15mm Knights & 10mm Gauls

I figured it was about time to give readers an indication of where I’m headed in my historical painting. I’m on holiday from work for a couple of weeks right now, so even though I’m spending most of my time pursuing outdoor endeavours, I’m still trying to get some modelling and painting in at knight. (That was a joke.. a bad one)

I have just finished my first unit of 15mm skirmishers for the Free Company army (previous post – J), and I thought it was high time to start in on a cavalry unit. The Free Company list calls for 4-12 units of mounted men-at-arms, and I’ll be completing just the four compulsory units over time, owing mostly to the limitations of my model collection. Here’s the first batch of mounted gents which comprise the first CP unit.


The models are all 15mm Corvus Belli and are taken from their codes of mounted men-at-arms, as well as English Hobilars. I’ll be adding shields to the Hobilars, attaching some penants, and painting each in an individual colourful livery. I am aiming to have the final unit looking like a rag-tag collection of European knights, men-at-arms, and independent mercenary cavalrymen.

In my last historical project post I had implied that I would be finishing the first 400 points of Carthaginians within a couple of weeks. However, since that post, the other 10mm painter (Chris H. – Romans) has announced that he shall have his force finished early in September. Since we will be having an open Geek Day on September 19th, I’ve decided to make that my goal for completion.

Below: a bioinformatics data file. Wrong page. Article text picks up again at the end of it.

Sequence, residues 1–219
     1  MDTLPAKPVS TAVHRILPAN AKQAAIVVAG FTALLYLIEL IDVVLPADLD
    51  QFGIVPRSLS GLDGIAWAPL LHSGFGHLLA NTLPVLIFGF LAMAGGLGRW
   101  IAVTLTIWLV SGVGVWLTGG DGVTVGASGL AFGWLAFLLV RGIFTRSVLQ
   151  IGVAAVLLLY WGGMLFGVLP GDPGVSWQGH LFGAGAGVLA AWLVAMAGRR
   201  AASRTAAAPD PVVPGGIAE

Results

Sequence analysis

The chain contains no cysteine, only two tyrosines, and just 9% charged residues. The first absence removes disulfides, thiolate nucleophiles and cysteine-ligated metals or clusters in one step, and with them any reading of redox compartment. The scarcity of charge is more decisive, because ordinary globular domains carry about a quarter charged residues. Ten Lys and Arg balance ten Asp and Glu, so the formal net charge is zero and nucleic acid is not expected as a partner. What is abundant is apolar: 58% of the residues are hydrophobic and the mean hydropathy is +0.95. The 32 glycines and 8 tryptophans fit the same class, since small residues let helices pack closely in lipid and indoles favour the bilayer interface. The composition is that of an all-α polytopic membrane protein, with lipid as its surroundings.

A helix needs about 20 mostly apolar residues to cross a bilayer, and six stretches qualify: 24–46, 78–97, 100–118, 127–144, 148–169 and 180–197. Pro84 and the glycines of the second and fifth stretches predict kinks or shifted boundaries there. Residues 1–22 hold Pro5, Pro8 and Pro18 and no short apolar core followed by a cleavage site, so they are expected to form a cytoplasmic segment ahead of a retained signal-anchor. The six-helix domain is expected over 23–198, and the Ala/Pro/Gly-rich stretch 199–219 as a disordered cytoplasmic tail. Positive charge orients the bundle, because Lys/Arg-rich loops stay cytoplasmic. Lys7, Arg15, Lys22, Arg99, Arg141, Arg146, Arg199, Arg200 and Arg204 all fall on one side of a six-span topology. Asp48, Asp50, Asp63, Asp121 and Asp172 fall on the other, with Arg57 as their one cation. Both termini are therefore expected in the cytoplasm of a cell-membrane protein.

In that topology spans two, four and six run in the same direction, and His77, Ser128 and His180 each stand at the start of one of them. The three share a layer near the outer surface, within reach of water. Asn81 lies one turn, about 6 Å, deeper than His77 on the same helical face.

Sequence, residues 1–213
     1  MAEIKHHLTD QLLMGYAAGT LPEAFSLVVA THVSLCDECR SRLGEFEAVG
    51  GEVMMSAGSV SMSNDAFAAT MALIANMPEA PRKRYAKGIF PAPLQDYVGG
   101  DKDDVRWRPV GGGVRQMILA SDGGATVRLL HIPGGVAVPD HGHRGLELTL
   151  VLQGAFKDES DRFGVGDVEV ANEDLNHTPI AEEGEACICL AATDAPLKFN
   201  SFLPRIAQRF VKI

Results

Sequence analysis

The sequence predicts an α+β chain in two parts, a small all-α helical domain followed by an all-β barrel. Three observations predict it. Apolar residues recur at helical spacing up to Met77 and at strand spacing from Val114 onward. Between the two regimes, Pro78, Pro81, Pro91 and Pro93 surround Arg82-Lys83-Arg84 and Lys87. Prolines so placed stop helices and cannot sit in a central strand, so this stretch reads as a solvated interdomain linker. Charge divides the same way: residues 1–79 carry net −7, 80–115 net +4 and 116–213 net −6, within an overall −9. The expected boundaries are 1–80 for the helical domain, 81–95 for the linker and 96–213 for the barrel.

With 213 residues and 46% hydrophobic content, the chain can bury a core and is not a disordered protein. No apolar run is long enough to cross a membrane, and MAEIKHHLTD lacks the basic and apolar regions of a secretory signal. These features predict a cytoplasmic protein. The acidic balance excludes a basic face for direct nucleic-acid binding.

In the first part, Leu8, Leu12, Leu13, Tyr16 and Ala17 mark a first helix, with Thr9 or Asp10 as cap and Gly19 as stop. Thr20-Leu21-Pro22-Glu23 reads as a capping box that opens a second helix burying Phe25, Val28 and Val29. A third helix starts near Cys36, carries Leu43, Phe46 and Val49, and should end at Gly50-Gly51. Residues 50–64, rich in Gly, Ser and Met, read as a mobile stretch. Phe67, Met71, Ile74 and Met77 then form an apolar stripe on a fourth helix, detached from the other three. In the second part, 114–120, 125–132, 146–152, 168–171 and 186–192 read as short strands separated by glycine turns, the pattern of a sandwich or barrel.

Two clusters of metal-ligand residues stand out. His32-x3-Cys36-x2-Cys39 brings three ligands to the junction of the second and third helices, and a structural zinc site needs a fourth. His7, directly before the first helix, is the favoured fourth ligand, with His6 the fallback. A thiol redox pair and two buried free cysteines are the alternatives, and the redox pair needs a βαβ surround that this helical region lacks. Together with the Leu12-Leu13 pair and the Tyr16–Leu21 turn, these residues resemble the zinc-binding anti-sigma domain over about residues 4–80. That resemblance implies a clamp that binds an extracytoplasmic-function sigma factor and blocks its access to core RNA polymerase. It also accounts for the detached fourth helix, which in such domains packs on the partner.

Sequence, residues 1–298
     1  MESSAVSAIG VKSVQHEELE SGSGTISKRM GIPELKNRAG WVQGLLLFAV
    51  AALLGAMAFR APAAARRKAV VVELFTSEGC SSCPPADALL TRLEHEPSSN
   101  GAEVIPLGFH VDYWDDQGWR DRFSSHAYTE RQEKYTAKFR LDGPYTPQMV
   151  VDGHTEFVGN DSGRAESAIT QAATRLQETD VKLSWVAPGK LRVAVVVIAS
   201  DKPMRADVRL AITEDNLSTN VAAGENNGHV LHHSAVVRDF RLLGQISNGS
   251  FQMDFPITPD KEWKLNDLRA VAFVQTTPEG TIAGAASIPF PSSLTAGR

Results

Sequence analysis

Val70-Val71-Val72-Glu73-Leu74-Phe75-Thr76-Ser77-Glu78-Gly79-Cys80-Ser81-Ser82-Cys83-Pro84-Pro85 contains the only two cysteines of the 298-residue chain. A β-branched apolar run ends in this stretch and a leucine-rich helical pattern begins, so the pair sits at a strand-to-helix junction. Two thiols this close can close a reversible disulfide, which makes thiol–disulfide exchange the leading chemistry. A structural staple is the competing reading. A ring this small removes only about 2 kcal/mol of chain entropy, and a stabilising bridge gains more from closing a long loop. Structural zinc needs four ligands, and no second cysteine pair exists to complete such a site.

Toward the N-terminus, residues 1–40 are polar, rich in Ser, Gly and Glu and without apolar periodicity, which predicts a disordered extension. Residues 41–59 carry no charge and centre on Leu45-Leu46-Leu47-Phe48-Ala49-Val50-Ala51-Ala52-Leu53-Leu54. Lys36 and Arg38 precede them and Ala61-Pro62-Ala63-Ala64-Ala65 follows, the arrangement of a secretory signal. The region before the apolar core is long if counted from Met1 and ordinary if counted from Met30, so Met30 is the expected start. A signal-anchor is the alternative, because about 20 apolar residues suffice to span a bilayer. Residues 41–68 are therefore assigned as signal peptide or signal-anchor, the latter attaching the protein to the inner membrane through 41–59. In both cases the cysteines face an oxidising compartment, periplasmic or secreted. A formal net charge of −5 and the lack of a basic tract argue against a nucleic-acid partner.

In any event, I’ve started the remaining Gauls and Libyans required for the 400-point list.


I’m in a new phase lately as a painter. For the first time in my painting “career,” I’m finding that I’m painting solely for enjoyment. Both the 10mm Pendraken models, and certainly the 15mm Free Company, provide me with a therapeutic hobby outlet that I’ve never experienced before.

The problem is, there are a handful of models that I want to use for Warmachine right now, but I lack any enthusiasm to paint them. Such is the life of a model-painter I suppose. As I said to Ken just the other day, any painting is good painting and it’s probably a bad idea to interrupt the organic flow of things.

Thanks for reading,
JET

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